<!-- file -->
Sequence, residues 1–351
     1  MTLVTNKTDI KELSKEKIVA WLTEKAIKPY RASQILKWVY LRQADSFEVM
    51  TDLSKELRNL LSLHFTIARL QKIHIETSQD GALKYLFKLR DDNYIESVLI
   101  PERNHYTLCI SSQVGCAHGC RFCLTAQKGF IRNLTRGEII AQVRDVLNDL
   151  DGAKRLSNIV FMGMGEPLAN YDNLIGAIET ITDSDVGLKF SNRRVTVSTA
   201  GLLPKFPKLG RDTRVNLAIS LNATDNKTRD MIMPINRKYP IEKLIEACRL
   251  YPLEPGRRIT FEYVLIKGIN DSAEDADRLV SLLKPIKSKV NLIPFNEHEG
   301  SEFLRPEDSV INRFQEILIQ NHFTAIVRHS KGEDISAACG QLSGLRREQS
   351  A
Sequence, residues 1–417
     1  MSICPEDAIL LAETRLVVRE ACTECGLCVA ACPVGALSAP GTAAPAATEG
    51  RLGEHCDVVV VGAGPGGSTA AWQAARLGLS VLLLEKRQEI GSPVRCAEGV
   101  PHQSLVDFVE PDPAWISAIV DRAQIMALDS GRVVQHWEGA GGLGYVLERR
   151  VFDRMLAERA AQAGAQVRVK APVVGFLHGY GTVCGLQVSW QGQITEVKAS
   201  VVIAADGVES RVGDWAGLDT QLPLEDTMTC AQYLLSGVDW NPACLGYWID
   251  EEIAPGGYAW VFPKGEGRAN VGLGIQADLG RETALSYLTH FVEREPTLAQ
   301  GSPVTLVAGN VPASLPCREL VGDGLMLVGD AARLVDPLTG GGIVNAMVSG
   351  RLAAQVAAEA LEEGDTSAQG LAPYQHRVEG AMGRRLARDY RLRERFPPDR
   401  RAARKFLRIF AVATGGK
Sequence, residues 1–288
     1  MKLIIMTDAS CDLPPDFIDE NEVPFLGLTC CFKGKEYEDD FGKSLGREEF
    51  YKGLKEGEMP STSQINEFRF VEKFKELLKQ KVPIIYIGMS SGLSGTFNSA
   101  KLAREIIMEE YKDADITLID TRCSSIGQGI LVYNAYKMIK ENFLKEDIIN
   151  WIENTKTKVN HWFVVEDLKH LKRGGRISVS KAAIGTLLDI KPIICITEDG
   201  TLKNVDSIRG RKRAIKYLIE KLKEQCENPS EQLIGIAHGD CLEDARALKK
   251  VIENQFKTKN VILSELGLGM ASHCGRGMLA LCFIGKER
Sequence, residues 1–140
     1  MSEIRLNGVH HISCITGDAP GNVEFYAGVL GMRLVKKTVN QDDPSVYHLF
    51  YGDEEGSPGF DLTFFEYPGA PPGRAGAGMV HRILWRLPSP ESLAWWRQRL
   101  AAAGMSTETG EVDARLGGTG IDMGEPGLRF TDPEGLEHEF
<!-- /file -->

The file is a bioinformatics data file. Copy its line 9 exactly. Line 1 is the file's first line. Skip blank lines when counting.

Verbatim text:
   351  A